No one seems to be exempt from the email dilemma. Whether you’re job hunting and emailing recruiters and other hiring professionals, or sending business emails, people often don’t get back to you. You’re faced with deciding whether or not to send an email follow-up, or two or three.
It’s an uncomfortable situation. We don’t know if the recipient doesn’t want to answer us, hasn’t had the time to get back, never saw our email in their in box, or never even received it.
[Regarding the last point, email sometimes doesn’t reach its destination. Let that be a lesson in email etiquette. When you receive an email, acknowledge receipt. Even a simple “Got it” will do.]
Want people to actually open, read and respond to your emails? Follow the advice of email marketing experts. Their job is all about determining the best ways to get more people to respond to emails.
5 Email Follow-Up Must Do’s
According to Rebecca Zucker, executive coach and founding Partner at Next Step Partners, a leadership development firm, you’ll get results from your email follow-up if you do the following. (She cites various studies by email marketing firms which you can access via the article itself.):
Have a compelling subject line.
Forty-seven percent of emails are opened or discarded based on their subject line alone. Research shows that shorter subject lines with only four words have the highest open rates, which makes sense since two-thirds of emails are read on mobile devices.
Be mindful of your tone.
Tone can easily be misinterpreted via email, so take care to craft a message that sounds friendly and polite. Research shows emails that are slightly to moderately positive in tone have a 10-15% higher response rates than more neutral messages.
Keep it short and use simple language.
No one likes to receive a long or dense email. Research shows that between 75 and 100 words is ideal, yielding the highest response rate at 51%. This means that if you’re forwarding your initial email, your follow-up message should be even shorter.
Make a clear ask.
An unambiguous, direct question will make your request evident to the reader. The clearer you are, the easier it is for them to respond. In fact, you are 50% more likely to get a response if you ask up to three questions than no questions at all.
Be judiciously persistent.
Research shows that asking for what we need reduces anxiety and improves your self-esteem, sense of agency, and the quality of your relationships – not to mention, it may help you to get your request fulfilled. In short, following up is worth the effort.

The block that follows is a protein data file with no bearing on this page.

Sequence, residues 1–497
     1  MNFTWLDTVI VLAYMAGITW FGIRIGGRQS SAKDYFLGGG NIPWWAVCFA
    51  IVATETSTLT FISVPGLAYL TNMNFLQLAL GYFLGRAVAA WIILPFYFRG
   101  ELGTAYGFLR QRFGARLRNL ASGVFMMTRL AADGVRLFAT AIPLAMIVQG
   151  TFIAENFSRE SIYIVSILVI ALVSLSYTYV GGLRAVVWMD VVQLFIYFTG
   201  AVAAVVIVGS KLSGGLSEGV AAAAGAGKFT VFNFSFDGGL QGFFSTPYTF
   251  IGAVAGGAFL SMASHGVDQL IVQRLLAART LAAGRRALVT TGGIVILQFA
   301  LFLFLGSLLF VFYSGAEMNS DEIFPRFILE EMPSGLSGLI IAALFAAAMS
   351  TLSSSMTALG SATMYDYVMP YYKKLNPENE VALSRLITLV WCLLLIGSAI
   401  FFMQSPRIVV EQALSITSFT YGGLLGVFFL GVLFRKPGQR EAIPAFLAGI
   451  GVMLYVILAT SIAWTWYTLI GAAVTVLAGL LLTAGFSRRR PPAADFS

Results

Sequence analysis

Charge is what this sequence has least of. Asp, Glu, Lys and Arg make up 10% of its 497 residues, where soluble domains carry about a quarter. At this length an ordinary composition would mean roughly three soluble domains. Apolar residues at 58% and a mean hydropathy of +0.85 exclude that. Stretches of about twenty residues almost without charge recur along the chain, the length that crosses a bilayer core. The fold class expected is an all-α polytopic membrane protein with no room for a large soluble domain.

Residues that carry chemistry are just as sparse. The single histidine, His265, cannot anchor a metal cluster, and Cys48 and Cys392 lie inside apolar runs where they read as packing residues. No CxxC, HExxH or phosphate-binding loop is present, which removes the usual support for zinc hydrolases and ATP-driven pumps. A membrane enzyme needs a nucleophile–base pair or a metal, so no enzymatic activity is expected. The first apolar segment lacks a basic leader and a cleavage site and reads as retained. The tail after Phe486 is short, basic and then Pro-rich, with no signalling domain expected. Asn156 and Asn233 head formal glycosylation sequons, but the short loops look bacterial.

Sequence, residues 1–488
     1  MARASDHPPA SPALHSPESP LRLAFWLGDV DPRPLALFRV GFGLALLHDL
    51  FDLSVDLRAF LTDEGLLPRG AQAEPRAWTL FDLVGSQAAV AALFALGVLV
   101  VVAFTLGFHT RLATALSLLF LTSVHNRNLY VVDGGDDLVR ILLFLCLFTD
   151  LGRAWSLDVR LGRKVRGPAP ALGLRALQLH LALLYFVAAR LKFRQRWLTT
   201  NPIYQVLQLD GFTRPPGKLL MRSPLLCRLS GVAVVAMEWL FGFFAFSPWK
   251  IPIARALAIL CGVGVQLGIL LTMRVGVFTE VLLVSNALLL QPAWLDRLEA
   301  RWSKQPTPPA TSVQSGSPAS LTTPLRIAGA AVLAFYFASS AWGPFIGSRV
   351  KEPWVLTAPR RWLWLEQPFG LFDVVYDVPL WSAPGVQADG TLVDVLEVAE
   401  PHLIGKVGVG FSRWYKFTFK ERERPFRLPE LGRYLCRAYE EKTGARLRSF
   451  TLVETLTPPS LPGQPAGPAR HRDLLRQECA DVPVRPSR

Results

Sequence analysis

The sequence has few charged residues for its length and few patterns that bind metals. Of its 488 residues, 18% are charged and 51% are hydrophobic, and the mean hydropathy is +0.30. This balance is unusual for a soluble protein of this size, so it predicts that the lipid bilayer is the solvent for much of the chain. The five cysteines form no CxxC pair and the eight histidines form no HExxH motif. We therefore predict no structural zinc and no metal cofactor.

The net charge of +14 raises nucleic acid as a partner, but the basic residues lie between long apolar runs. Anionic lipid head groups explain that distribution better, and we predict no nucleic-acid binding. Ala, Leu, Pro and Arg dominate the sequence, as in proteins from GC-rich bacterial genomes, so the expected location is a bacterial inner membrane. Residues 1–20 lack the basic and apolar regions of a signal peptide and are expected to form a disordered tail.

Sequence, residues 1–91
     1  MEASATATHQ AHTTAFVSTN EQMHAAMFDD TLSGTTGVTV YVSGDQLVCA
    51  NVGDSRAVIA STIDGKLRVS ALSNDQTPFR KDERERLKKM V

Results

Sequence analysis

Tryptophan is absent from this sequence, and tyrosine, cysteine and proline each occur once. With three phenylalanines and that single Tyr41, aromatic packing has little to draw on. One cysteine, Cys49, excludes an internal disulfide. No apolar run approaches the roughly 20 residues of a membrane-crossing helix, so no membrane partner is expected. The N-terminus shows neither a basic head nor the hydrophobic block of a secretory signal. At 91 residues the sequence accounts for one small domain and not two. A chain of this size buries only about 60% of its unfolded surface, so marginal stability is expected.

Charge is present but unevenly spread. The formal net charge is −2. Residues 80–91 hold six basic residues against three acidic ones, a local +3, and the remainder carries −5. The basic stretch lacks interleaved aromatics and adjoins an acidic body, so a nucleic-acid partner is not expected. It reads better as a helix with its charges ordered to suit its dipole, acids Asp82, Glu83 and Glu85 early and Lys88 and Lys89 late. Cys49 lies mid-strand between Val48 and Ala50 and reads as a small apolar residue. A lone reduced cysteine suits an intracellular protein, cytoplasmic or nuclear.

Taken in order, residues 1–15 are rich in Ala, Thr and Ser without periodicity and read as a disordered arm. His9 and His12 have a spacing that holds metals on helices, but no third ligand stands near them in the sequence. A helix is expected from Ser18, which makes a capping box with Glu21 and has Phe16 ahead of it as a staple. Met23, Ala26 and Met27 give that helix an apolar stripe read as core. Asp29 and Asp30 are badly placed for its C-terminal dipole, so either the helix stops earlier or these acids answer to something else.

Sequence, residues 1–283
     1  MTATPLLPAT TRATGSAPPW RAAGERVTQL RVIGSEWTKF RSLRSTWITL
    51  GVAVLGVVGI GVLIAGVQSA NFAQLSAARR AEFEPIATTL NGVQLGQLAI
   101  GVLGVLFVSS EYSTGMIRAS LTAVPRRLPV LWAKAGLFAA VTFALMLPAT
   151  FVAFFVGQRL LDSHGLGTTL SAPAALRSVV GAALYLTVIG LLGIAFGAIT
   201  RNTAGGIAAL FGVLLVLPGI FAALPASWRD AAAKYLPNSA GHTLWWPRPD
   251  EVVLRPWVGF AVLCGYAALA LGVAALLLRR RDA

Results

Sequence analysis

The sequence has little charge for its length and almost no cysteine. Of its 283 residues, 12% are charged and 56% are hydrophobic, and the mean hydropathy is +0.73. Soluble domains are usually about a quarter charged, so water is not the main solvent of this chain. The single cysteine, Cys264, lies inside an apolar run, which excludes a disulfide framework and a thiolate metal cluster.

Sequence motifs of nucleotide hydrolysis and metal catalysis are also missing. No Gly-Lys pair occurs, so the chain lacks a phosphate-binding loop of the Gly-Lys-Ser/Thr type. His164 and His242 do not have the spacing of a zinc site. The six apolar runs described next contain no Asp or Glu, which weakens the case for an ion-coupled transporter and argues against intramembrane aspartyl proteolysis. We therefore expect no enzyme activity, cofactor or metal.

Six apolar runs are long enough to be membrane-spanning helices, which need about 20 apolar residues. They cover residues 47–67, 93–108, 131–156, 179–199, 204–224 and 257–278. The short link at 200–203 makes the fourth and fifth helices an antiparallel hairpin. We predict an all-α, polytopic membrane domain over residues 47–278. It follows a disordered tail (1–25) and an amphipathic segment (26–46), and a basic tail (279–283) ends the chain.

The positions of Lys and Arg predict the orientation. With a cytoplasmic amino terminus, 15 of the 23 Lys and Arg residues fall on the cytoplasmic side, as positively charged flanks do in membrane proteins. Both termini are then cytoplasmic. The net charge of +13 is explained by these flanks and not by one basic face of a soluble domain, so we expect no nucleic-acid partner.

My 6 Job Search Email (and Email Follow-Up) Mistakes
Without realizing it, you may be making email mistakes that can sabotage your chances of landing a job you covet and deserve.
The meat of your email message – what you include and don’t include in the actual content – requires careful consideration.
Most importantly, always put yourself in the shoes of the recipient. If you’re emailing someone at one of your target companies, your message needs to position you as a good-fit candidate.
And I hope it goes without saying that the content needs to reinforce your personal brand and good-fit qualities for your target employers.
Adding to the previous suggestions, here are 6 things to avoid in your emails:
- Writing that’s too informal
- Content that is difficult to digest
- Not personalizing and customizing for each reader
- Typing and grammar errors
- Forgetting your branded email signature with the sign-off
- Attachment errors
Get Recruiters’ Attention with the Right Email Messages
Recruiters are busy people, sometimes overwhelmed by unsolicited emails from people they don’t know.
They’re in the habit of deleting emails, or hitting “Ignore” on LinkedIn, when they contain various blunders.
And you’ll probably never know why they’ve overlooked you.
You don’t want to risk them ignoring or getting rid of your email, before they see what a great candidate you are, right?
Here are some things that may make recruiters ignore or delete your email:
- Questions that five minutes of research can answer
- Anything too generic
- Anything that makes them look up basic info on you
- Blanket requests for job search help
- Anything too long
Also, avoid asking questions like these in your email:
- Can you help me find a job?
- Do you have any job openings that fit my profile?
- Can you review my resume and send me your edits / feedback / suggestions?
- Can you please send me John Doe’s email address / phone number?
- Do you know anyone at Acme Company?
- Can you endorse / recommend me?